reply to post by wildtimes
You are very correct that each of us are finding our way through life with no instructions from birth. This is primarily because we are not alone in
this quest. When Jesus said, "I am the way, the truth and the life. No one comes to the father but by me," he was referring to God raising Him in
the wilderness, not us alone. We make this life about us. It isn't about us and none of the words in the Bible are for individuals, but the whole
body. All of this is about Christ. The Son of God is that body in unity, but us in multiplicity. The way is how we proceed on the path. The Truth
is virtue and love. The life is how we arrived here. Accepting that the Son of God is the way, the truth and the life is not as relevant as knowing
that we are all Him. Just as God gave part of Himself to make the Son, so the Son makes up all of us.
Was Jesus the first begotten son of God? Yes. Was Jesus the Father Adam and the Father Abraham? Yes. Was He the Son Issac and the Son Jesus? Yes.
Is He you and me? Yes. Perfection only came into a life once. That one life raises us all back to God.
1 Colossians 1:
15 The Son is the image of the invisible God, the firstborn over all creation. 16 For in him all things were created: things in heaven and on
earth, visible and invisible, whether thrones or powers or rulers or authorities; all things have been created through him and for him. 17 He is
before all things, and in him all things hold together.
What part of this verse is hard to understand? The Son is the First Image.
1:27 So God created mankind in his own image, in the image of God he created them; male and female he created them.
The first image in material form was Adam, created by the Son, or image of the invisible God. All things hold together from this first image. Now,
examine communion and the bread and wine.
1 Corinthians 10
14 Therefore, my dear friends, flee from idolatry. 15 I speak to sensible people; judge for yourselves what I say. 16 Is not the cup of thanksgiving
for which we give thanks a participation in the blood of Christ? And is not the bread that we break a participation in the body of Christ? 17 Because
there is one loaf, we, who are many, are one body, for we all share the one loaf.
We are all broken from the same loaf. We are many, Christ is one. The cup that was poured out for us is the same cup that was poured out at the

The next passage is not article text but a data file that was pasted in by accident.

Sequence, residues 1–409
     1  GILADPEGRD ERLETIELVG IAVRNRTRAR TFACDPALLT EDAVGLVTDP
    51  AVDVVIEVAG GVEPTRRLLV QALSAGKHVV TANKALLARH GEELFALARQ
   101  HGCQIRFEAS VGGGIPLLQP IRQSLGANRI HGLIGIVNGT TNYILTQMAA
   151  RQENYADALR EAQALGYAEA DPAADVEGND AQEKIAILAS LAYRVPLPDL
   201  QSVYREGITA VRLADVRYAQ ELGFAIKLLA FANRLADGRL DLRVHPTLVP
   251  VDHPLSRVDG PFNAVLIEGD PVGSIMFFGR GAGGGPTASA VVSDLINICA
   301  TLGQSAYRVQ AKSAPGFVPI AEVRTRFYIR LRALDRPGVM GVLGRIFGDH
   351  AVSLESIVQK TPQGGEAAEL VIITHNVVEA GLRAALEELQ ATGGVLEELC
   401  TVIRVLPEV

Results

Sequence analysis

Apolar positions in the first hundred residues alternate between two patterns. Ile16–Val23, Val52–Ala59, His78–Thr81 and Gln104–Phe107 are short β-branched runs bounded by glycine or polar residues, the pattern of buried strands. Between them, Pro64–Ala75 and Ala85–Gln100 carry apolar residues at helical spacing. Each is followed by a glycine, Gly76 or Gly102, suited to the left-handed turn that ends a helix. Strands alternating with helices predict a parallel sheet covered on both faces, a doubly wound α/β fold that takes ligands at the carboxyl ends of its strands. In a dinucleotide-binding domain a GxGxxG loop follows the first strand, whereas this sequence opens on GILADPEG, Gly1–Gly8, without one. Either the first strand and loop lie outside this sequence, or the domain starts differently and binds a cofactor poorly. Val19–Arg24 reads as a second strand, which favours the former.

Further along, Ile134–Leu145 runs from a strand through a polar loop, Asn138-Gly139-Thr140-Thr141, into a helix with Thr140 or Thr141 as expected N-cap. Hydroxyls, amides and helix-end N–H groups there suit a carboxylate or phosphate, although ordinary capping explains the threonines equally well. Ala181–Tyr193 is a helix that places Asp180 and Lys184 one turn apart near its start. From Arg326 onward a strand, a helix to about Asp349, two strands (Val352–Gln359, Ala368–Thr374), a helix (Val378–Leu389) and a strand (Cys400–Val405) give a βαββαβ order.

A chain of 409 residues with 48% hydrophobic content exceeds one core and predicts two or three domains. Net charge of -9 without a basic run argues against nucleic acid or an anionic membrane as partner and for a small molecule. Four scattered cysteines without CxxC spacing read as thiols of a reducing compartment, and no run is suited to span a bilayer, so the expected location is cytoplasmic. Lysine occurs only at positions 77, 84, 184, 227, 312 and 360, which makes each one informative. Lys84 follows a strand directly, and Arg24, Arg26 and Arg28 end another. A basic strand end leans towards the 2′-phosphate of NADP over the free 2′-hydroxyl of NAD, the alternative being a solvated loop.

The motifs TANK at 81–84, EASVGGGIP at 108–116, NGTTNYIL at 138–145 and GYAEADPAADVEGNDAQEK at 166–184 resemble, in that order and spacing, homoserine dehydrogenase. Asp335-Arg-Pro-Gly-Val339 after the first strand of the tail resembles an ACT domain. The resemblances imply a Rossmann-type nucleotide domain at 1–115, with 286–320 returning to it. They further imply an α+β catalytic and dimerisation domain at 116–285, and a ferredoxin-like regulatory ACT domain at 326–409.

beginning to break unity into multiplicity so that there could be more Sons and daughters. We will return to unity. There is only one way to the
Father (Original Unity) and that way is Christ dying on the cross for mankind. He was broken and bruised for our transgressions, which is symbolic of
The various philosophical views concerning the Primal Man are, in spite of their differences, intimately related, being a compound of widespread
mythology, Greek philosophy, and rabbinical theology. Around the late first century BC, Arius Didymus wrote in Concerning the Opinions of Plato:
"Ideas are certain patterns arranged class by class of the things which are by nature sensible, and that these are the sources of the different
sciences and definitions. For besides all individual men there is a certain conception of man ... uncreated and imperishable.
And in the same way as many impressions are made of one seal, and many images of one man, so from each single idea of the objects of sense a multitude
of individual natures are formed, from the idea of man all men, and in like manner in the case of all other things in nature.
Also the idea is an eternal essence, cause, and principle, making each thing to be of a character such as its own."
"The first to use the expression "original man," or "heavenly man," was Philo, in whose view the γενικός, or οὐράνιος
ἄνθρωπος, "as being born in the image of God, has no participation in any corruptible or earthlike essence; whereas the earthly man is made
of loose material, called a lump of clay." The heavenly man, as the perfect image of the Logos, is neither man nor woman, but an incorporeal
intelligence purely an idea; while the earthly man, who was created by God later, is perceptible to the senses and partakes of earthly qualities.
Philo is evidently combining philosophy and Midrash, Plato and the rabbis. Setting out from the duplicate Biblical account of Adam, who was formed in
the image of God (Genesis 1:27), and of the first man, whose body God formed from the earth (Genesis 2:7), he combines with it the Platonic doctrine
of ideas; taking the primordial Adam as the idea, and the created man of flesh and blood as the "image."
Wikipedia has more on this topic, but God is raising His Son and His Son is raising us. The Son is the new Father or Lord From Genesis 2 to the end.
Genesis 1 is the first creation of the image. Genesis 2 is the 2nd creation of the image in material form. Two creations stories of the same event.
Paradise and Material. We are the new Fathers on a microcosmic scale in material form before transcending to paradise. There are five baptisms to
overcome listed. We will all raise to new life with the Son. Consult the link in my signature on the five baptisms.
We are all the same loaf with Christ if we willingly place ourselves into His name. The gift that is given had to first be earned. It is then given
away. The thieves will not gain this inheritance if they separate from Christ. It's a choice.
We are all symbolic of the thieves on the cross. While we were here in the material world, we express the will to take. God can only give and
receive. One thief repents and the other runs away in their own pride. There is one way back and that way is humility before God and through His
edit on 13-10-2012 by EnochWasRight because: (no reason given)